Monday was my birthday (I turned 47), and I had one of the loveliest and most memorable birthdays in my life. My friend Geneva has a son named David (also a friend) that is only 14 years old (by a few months). He's fantastically gifted, and he played "Happy Birthday" for me on his viola. As beautiful as that was, he followed it up with the "Game of Thrones" theme and then some Bach. When I say he's good, I mean it...like symphony level good. It's amazing how much talent this kid has in him.

So all of this got me to thinking about talent and the nature of talent itself, and it made me think that (in many unfortunate ways) just being talented in our world is no longer enough to guarantee fame and fortune. But as a caveat, I don't really know if it ever was. For example, even if only .01 percent of the population could do what you do, then that still means (in a world of 7 billion) that there are millions and millions of people who are similarly talented. That's just how the math works out. Not everyone can be a star, and there are some who will fail simply because they weren't lucky (they weren't in the right place and the right time, etc.). I know there's at least one study out there with an astounding conclusion that supports what I'm saying, and it says that luck plays an overwhelming part in the real-word realization of success.

Consider these facts "pulled from the Scientific American blog" linked in the above paragraph:

1) Half of the differences in income across people worldwide is explained by their country of residence and by the income distribution within that country.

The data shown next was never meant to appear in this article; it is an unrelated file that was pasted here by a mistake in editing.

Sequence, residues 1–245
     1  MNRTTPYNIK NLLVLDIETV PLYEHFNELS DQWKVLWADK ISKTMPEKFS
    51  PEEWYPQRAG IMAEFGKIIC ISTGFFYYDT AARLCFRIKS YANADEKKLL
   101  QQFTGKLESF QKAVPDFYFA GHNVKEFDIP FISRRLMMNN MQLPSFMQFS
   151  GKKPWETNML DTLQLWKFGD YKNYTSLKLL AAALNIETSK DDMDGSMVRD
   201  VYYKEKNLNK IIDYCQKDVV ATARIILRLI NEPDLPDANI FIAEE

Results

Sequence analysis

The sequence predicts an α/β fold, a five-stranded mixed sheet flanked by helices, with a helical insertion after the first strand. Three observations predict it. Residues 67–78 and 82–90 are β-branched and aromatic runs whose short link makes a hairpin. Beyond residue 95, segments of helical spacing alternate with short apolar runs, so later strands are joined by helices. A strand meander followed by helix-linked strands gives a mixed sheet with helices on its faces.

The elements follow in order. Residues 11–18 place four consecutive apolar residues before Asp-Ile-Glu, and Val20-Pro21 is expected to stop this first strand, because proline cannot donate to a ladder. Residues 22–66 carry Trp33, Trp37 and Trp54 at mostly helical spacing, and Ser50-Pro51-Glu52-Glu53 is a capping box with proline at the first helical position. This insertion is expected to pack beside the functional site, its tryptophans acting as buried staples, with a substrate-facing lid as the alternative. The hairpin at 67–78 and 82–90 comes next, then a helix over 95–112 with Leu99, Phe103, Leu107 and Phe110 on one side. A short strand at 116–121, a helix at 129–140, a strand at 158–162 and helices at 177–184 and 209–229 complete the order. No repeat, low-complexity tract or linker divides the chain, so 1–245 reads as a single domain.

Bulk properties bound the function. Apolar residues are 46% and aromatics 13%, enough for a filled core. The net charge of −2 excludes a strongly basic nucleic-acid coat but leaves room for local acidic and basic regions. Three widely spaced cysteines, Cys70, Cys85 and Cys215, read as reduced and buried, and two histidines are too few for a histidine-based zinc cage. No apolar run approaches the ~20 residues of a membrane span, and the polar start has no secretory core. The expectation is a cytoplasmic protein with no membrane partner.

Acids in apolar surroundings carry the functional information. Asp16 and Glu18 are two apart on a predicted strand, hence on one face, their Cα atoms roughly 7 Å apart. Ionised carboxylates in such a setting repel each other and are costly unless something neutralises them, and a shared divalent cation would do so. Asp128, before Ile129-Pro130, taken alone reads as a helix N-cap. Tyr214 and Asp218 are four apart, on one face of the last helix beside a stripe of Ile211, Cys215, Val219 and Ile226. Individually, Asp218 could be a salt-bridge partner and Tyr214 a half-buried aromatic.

2) The chance of becoming a CEO is influenced by your name or month of birth.

3) Those with last names earlier in the alphabet are more likely to receive tenure at top departments.

4) People with easy to pronounce names are judged more positively than those with difficult-to-pronounce names.

5) Females with masculine sounding names are more successful in legal careers.

So does talent give a person an edge? Well that's a different question. Scientific American says that "in general, those with greater talent had a higher probability of increasing their success by exploiting the possibilities offered by luck." But if you have no luck at all? Well that sucks for you.

I know how all of this sounds, and those who have narcissistic personality disorder are (in particular) going to be furious and push back at the notion that their success (if they have any) has a lot to do with luck. But I'm convinced that the hidden value of luck (especially in capitalism) plays a heavy hand in the actual way events come to pass within a person's life (from beginning to end).

Forrest Gump anyone?

Post a Comment

loading...
 
Top